- A bomb threat delayed the trial Thursday morning
- The three-month-long trial is on the verge of going to the jury
- A father, his wife and his son are accused of killing four other members of their family
The trial of three people accused of killing four members of their family was on course to be in the jury's hands by the end of the week before being delayed Thursday morning by a bomb threat.
Mohammed Shafia, 58; his wife, Tooba Mohammad Yahya, 42; and their son, Hamed, 21, are charged with four counts of first-degree murder in the deaths of Shafia's three teenage daughters and his first wife in his polygamous marriage.
The court in Kingston was cleared after the threat. Officials gave the all-clear after a search and the trial was set to resume in the afternoon. It was not immediately clear how the delay would affect the trial schedule.
The family members were all recent immigrants to Canada from Afghanistan.
The three Shafia sisters -- Zainab, 19, Sahar, 17, and Geeti, 13 -- along with Rona Amir Mohammad, 50, --were found dead inside a car that plunged into the Rideau Canal in Kingston on June 30, 2009.
Prosecutors allege the girls' father, mother and brother all plotted to kill the four women in an "honor" murder. Investigators claim that hours of wiretapped conversations reveal a premeditated plan to punish rebellious, Westernized daughters and their permissive advocate, Rona.
Shafia and Yahya admitted on the stand that they were upset with Zainab for running off to marry a Pakistani man they hated, that Sahar wore revealing clothes and had secret boyfriends, and little Geeti was failing in school and calling social workers to get her out of a home in turmoil.
Prosecutors are trying to convince the jury that under instructions from his father, Hamed Shafia used the family Lexus to ram the other family car carrying the women into the canal. The shattered headlight on the Lexus, they claim, matches the damage on the rear bumper of the family Nissan in which the women were found dead.
Investigators also believe the victims might have died before they hit the water, because they were unable to escape despite their seat belts being unbuckled and the car being submerged in just 7 feet of water.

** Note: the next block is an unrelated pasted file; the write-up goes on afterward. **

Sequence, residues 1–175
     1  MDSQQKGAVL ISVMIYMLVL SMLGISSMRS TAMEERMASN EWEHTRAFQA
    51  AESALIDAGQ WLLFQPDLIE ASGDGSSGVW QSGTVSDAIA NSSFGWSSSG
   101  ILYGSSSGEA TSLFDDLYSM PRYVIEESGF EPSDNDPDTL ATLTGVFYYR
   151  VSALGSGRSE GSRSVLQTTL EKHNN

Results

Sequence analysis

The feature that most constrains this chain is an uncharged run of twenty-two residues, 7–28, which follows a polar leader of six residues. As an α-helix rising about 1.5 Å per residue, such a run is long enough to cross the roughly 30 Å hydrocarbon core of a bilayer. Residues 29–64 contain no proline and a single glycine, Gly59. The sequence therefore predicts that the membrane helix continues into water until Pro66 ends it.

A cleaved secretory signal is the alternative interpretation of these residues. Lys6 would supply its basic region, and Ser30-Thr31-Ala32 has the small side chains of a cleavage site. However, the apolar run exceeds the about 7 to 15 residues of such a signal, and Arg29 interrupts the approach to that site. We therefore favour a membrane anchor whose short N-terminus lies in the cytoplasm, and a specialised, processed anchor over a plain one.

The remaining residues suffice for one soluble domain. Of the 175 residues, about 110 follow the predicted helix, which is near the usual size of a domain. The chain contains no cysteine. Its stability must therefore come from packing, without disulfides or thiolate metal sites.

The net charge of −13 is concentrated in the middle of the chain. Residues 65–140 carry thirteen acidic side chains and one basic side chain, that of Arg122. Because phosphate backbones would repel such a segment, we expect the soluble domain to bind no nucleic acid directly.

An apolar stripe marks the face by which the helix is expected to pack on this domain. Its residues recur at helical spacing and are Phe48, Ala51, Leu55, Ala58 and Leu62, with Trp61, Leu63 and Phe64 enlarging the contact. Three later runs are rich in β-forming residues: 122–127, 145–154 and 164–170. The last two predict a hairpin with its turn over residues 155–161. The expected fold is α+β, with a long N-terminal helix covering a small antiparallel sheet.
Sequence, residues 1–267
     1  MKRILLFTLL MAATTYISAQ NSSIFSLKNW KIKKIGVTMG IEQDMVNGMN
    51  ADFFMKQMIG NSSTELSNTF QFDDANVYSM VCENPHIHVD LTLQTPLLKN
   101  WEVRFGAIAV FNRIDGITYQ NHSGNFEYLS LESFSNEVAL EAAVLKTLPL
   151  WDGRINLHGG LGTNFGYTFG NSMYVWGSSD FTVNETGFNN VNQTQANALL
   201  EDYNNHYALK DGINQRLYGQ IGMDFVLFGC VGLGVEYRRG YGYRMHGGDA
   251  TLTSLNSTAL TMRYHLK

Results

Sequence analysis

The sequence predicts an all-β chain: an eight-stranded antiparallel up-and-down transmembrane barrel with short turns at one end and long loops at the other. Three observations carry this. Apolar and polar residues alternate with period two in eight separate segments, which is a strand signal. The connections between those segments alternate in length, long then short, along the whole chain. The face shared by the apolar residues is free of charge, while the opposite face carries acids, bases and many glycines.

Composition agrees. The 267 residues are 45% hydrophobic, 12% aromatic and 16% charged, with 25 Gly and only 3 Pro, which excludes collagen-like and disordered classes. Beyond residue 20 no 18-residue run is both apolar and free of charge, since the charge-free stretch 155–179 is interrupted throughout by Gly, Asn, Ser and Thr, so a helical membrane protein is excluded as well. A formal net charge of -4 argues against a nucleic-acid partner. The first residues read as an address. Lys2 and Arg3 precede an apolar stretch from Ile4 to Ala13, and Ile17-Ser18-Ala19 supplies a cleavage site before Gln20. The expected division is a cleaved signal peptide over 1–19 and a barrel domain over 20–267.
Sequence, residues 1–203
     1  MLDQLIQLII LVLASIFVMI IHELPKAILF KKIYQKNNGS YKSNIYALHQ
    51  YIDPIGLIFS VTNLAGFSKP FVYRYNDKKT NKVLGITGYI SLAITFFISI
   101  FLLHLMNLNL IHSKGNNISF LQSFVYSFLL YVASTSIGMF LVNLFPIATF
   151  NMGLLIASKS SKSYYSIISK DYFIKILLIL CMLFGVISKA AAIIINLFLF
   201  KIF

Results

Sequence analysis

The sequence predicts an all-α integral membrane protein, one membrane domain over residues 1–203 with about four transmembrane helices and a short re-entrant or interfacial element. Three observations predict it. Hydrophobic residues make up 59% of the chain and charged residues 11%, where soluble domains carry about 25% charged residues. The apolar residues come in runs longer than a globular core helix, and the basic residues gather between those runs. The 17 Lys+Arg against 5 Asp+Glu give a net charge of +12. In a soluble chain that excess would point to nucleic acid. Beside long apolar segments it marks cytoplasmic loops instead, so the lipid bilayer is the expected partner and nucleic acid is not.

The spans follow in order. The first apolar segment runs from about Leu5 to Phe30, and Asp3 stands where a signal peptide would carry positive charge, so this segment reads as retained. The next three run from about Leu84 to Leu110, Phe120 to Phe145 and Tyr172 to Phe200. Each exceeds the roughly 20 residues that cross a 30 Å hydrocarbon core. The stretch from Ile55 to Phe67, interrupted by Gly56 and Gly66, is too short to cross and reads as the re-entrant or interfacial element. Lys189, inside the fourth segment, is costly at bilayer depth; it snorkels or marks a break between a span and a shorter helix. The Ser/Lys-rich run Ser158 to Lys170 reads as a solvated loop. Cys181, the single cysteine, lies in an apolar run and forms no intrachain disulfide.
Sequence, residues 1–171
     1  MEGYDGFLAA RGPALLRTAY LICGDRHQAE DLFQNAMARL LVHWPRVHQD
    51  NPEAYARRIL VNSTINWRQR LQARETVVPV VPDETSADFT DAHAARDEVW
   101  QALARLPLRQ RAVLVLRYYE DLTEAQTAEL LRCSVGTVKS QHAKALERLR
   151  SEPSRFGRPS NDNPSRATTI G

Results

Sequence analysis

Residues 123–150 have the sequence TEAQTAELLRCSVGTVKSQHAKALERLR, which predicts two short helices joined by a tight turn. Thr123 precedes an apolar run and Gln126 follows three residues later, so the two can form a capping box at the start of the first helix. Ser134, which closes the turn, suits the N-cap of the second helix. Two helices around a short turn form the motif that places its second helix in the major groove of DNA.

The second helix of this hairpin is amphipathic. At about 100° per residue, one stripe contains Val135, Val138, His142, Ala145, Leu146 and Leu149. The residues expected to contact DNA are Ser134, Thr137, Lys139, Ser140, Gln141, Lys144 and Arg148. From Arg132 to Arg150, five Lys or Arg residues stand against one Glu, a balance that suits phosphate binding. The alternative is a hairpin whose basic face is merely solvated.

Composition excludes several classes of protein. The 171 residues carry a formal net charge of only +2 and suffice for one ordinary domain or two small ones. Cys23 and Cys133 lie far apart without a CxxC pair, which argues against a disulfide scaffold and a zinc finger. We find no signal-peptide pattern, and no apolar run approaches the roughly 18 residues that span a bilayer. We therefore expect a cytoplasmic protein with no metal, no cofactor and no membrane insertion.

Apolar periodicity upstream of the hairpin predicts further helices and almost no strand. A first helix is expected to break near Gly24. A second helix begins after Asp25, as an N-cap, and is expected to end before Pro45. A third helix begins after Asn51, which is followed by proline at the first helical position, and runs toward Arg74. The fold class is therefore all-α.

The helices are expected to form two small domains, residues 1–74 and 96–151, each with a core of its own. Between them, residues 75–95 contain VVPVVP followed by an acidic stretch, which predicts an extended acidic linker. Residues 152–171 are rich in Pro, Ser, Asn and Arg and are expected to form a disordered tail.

During some of the most dramatic testimony in this three-month-long trial, Shafia testified, "My children did a lot of cruelty toward me," as he wept openly on the stand. He went on to say he believed his children "betrayed" him by dating and he did not hide his anger, saying a father would never expect that kind of behavior from this daughters.
In taking the stand, Shafia swore to tell the truth on the Quran and he again invoked the holy book to say Islam does not condone killing people to preserve a family's honor.
In a direct response to a question from prosecutor Laurie Lacelle, Shafia said, "To kill someone, you can't regain your respect and honor. Respected lady, you should know that. In our religion, a person who kills his wife or daughter, there is nothing more dishonorable . How is it possible that someone would do that to their children, respected lady?"
"You might do it," Lacelle calmly replied, "if you thought they were whores." Shafia had used that term in a conversation captured by wiretaps.
Investigators have played hours of the wiretap recordings in court, alleging many conversations involving the three suspects prove they were plotting murder.
In some of the most shocking conversations, Shafia launched into a rant about his daughters' behavior.
"I say to myself, you did well. Would they come back to life a hundred times, you should so the same again," he says. And in another played in court and translated from the Afghan language Dari, he says, "May the devil defecate on their on their graves! This is what a daughter should be? Would a daughter be such a whore?"
Shafia and his lawyers tried to explain that his shocking words are traditional expressions in Dari that should not be translated literally.
But the jury also heard from an expert witness on honor murders -- a term CNN is using in the interest of clarity rather than the more common "honor killings" because the latter phrase does not properly describe the alleged crime.
That witness, University of Toronto professor Shahrzad Mojab, said that in some families, honor is worth more than life.
In an interview with CNN, Mojab said that many times, honor crimes are calculated acts that involve more than one family member.
"There is a very important difference between honor killing and violence against women in the form of domestic violence. It is plotted, it is premeditated." Mojab said.
"What we need to understand is that the male power and the male desire for the control of the woman's body and the woman's sexuality -- the honor resides in that sort of understanding and the ownership of women's body and sexuality," he said. "So when that is being presented in a way that is not acceptable to the social norm, then the only way the honor can be restored is by purifying that. And the purification is through blood."